By Jon Smedley of Trim and Train

There seems to be a lot of discussion surrounding the condition of navicular/heel pain. What exactly is it, and what qualifies as a diagnosis? Regardless of that discussion, the most important, and sometimes challenging assignment is finding a way for the horse to be as comfortable as possible.

Just last year one of our clients affectionately referred to as “Red” received the dreaded “navicular” diagnosis. We set out to find a way to make Red more comfortable, not only for his 5-10 mile daily trail rides in Ojai, California, but also to ensure he was happy in his day-to-day routine. With some trial and error we did make the horse comfortable. At his recent vet check up, his lameness had resolved using a combination of adjustments I made to an Easyboot Glue-On based on ways to treat navicular/heel pain.

Ways to treat Navicular/Heel Pain

  • Improve break over
    This means minimizing material forward of the leading edge of the coffin bone, making it easier for the “toe” to roll forward. The idea behind this is to reduce the stress of the deep digital flexor tendon (DDFT), impar ligaments, and associated soft tissues in and around the area of the navicular bone.
  • Lift the heels
    Again, this takes stress away from the DDFT and other soft tissues around the navicular bone.
  • Distribute weight across the entire solar area of the hoof
    The idea here is in some cases the pressure of the heels and bars will transfer vertically onto the area in and around the navicular bone.

Some horses with navicular/heel pain will display improvement with one or two of these methods.  In Red’s case we needed to use all three. Often it is trial and error to find what each hoof needs.

While the Easyboot Glue-On is designed for performance, endurance trail riding, dressage and jumping, it can also provide measurable relief for navicular/heel pain with just a few easy modifications. Here are 3 ways to modify the Glue-On.

1. Minimize break over with the Easyboot Glue-On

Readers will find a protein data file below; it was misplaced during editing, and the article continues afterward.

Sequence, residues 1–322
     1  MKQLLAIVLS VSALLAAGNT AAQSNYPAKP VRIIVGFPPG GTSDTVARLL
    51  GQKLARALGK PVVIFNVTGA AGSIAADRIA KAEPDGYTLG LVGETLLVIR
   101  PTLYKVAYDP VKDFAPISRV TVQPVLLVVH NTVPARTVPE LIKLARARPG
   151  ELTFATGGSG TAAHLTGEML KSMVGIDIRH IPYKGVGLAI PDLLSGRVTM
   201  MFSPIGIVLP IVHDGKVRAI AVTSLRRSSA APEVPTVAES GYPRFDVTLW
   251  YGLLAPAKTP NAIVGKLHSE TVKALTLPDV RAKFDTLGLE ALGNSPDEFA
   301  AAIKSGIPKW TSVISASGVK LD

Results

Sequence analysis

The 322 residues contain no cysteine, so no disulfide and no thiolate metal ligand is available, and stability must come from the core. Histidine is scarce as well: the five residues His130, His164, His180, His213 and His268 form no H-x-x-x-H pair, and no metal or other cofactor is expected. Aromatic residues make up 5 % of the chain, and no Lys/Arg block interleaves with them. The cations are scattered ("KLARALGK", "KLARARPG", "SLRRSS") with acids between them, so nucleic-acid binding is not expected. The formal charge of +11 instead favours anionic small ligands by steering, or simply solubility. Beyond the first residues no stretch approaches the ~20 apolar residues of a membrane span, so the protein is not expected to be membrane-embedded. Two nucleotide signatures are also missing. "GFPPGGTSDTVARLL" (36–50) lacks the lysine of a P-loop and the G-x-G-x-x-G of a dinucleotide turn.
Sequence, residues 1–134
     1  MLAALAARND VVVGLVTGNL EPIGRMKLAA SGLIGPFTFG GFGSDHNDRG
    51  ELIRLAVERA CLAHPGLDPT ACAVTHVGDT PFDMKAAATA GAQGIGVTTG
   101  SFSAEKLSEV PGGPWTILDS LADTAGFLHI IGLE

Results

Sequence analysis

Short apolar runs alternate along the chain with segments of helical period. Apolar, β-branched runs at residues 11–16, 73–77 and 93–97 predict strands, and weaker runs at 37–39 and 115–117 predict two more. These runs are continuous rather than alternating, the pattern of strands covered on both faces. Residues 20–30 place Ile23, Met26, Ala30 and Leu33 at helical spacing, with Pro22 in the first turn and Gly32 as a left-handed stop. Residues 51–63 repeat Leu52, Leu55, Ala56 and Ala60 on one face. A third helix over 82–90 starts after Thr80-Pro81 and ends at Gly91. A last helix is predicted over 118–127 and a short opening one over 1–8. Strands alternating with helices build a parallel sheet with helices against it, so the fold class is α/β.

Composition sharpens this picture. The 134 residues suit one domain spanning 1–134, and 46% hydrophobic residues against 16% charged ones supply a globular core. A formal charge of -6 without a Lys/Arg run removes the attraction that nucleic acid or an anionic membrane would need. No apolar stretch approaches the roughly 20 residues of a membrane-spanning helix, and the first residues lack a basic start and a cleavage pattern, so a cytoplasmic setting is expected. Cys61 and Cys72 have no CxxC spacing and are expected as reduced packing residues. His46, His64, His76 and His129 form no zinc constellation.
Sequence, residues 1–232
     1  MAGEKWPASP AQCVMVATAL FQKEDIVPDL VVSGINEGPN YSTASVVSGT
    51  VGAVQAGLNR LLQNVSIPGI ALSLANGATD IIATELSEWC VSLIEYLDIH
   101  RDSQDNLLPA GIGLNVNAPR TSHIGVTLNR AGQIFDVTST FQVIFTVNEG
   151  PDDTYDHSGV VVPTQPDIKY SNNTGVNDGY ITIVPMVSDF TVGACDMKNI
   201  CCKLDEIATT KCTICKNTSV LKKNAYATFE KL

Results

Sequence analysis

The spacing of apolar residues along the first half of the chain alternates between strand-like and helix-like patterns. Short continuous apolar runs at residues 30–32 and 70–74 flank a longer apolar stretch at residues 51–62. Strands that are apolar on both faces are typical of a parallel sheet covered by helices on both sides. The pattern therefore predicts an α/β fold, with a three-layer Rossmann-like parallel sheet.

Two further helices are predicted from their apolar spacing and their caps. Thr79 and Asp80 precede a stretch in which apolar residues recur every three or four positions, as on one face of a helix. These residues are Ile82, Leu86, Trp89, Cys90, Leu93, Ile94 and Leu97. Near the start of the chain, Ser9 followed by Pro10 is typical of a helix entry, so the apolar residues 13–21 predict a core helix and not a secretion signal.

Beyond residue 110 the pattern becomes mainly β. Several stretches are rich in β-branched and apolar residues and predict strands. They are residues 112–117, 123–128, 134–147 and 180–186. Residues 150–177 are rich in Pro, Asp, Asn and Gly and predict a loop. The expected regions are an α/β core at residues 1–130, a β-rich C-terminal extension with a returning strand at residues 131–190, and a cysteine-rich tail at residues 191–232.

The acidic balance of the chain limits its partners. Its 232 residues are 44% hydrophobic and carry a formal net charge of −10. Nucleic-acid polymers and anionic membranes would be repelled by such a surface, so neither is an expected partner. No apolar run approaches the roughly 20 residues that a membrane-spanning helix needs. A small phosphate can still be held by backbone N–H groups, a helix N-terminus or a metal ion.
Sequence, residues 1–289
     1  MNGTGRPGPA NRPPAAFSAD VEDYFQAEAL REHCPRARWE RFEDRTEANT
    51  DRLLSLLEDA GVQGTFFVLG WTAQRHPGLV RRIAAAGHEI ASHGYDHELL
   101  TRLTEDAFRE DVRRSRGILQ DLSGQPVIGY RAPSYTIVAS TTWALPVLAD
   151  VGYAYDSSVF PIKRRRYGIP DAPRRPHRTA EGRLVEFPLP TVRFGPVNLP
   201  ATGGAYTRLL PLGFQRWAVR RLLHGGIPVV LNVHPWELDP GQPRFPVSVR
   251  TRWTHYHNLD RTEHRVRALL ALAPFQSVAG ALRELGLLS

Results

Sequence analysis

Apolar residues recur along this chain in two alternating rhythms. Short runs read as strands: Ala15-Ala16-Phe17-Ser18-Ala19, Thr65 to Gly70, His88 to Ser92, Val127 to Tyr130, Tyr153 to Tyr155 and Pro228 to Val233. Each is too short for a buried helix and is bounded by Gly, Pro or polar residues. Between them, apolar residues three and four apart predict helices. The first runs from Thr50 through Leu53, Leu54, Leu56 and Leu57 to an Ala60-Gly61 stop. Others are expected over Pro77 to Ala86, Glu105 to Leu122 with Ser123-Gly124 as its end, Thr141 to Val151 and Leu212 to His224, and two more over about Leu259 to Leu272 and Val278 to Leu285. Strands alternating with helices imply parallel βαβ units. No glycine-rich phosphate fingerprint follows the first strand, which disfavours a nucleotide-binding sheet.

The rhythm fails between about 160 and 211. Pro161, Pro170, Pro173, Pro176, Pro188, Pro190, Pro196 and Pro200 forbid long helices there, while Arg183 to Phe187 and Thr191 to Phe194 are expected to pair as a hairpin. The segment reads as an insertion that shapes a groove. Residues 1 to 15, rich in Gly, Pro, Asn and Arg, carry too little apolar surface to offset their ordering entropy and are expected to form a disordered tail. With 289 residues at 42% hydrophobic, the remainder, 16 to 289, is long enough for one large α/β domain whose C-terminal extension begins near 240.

Step 1: After a balanced trim and after you have removed as much toe length as allowed, heat fit the shell to the hoof. Heat fitting pulls the tread of the Glue-On further back and sets the treads behind the toe. It also provides the best fit to ensure the shell stays in place after gluing. Check out Pete Ramey’s superb blog on heat fitting Glue-Ons.

Step 2: Remove tread at the toe that isn’t needed. I like to use a grinder to taper the toe tread from the front edge of the shell to the second traction line. This brings break over back an additional ½ inch or 13 mm.

2. Lift the heels by adjusting the Easyboot Glue-On

For additional relief, lift the heels by grinding a wedge into the Glue-On. You’ll need to remove more of the tread at the toe tapering toward the heel.

You can also place a wedge pad inside the Glue-On for heel lift.  After I cut the pad, I like to use a little super glue to hold the pad in place while gluing the shell onto the hoof wall.

3. Distribute weight in an Easyboot Glue-On

Lastly there are many different types of sole packing that you can use to minimize heel pain by distributing the weight across the entire solar surface. You may have to experiment to find the right durometer (hardness) that your horse needs. Note: The higher the durometer the harder or greater resistance to indention a material will have. There are quite a few options to explore from Vettec and Glue U.

I hope you’ve found these easy techniques helpful. The Easyboot Glue-On can be an excellent tool for aiding in the treatment of navicular pain symptoms in addition to its many other applications.

– Jon Smedley

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